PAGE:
Exclusive Interview With Ray Kurzweil On Future AI Project At Google
In an exclusive with Singularity Hub, Ray Kurzweil gave one of his first interviews since the December announcement that he joined Google full time as Director of Engineering. Speaking with Singularity Hub Founder Keith Kleiner, Ray discusses his new role, how his research interests connect with his latest book How To Create A Mind (which Keith recently interviewed Ray about here), and how technology will advance to produce a "cybernetic friend"
"The project we plan to do is focused on natural language understanding," said Kurzweil. "We want to give computers the ability to understand the language that they're reading."
Check out the interview to hear more:
Regarding the specific kind of artificial intelligence that a Kurzweil-led project will aim to do, he said, "It will know at a semantically deep level what you're interested in, not just the topic...[but] the specific questions and concerns you have." He added, "I envision some years from now that the majority of search queries will be answered without you actually asking. It'll just know this is something that you're going to want to see." While it may be take some years to develop this technology, Kurzweil added that he personally thinks it will be embedded into what Google offers currently, rather than as a stand-alone product necessarily.
Now if you've been following Singularity Hub's coverage of personal assistants like Siri, Evi, and the latest, Maluuba, as well as Google Voice Search, then you know that natural language recognition is one of the highest priorities for tech companies today. That's exciting because it means that holding sophisticated conversations with computers -- in much the same way that Dave Bowman does with HAL 9000 in the movie 2001 -- is going to become a reality very soon.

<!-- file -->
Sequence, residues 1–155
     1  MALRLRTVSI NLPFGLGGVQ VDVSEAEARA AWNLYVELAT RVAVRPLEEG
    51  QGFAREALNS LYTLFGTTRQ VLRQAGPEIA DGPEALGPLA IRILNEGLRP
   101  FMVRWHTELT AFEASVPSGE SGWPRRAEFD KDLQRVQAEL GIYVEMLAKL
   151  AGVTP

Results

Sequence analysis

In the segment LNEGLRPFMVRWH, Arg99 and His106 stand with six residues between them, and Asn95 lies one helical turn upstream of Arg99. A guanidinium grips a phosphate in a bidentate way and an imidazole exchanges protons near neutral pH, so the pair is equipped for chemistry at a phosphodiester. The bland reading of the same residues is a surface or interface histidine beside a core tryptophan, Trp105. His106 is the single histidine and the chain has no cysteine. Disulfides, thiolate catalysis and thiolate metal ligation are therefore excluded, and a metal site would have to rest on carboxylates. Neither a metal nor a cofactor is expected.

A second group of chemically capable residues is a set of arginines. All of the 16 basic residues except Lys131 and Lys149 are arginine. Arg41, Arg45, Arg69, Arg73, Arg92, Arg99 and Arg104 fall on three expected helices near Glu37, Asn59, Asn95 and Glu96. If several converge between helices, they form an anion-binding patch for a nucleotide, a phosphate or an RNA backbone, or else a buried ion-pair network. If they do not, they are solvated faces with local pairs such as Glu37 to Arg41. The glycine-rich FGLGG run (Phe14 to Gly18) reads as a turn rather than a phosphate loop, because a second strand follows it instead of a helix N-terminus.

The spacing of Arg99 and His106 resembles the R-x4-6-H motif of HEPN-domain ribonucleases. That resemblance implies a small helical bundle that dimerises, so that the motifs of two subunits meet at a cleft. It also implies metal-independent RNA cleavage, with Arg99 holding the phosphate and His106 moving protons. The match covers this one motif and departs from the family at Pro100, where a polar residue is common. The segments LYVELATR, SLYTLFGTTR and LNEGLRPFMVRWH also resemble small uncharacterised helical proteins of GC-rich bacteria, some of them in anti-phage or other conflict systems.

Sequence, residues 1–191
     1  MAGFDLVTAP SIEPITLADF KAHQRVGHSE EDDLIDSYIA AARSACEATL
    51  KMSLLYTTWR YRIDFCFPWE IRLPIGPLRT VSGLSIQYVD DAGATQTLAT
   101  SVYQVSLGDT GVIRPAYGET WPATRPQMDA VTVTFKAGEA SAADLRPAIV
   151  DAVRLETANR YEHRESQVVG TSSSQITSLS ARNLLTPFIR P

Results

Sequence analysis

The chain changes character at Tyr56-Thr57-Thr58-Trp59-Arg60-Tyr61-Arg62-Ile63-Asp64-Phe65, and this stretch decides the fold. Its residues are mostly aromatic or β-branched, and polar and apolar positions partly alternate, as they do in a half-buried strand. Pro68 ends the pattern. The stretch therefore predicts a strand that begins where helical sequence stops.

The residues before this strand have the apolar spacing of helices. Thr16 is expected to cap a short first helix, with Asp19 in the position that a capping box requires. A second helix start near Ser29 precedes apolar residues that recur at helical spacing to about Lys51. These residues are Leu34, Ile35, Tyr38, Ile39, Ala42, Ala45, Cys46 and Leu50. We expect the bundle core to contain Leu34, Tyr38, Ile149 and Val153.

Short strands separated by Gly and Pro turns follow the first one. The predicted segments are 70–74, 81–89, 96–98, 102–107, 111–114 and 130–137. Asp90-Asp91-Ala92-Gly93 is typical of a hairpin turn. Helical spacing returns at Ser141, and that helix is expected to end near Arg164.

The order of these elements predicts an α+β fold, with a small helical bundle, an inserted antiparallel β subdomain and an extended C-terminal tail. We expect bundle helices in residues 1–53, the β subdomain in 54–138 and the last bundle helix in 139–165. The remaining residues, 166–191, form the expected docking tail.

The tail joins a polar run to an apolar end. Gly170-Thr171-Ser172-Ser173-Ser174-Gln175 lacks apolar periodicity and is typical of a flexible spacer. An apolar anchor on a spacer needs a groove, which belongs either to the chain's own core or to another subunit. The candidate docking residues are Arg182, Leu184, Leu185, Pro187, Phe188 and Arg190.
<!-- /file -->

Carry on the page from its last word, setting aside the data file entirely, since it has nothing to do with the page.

As Kurzweil points out, the hurdle currently is that language is hierarchical, and the human brain processes language in a hierarchical way, depending on what stimuli it receives during key stages of development. Computers like IBM's Watson are just now being programmed to process human information in a related way. Inevitably, the sophistication of this software will grow -- slowly, at first, but in all likelihood become exponential, as with many other technological trends that Kurzweil himself has identified.
Though the video is only 10 minutes, it's great to hear Ray download some more tidbits about what he'll be doing once he enters Google's doors. Odds are that when he reemerges, the ability of our computers to understand us is going to take a quantum leap.
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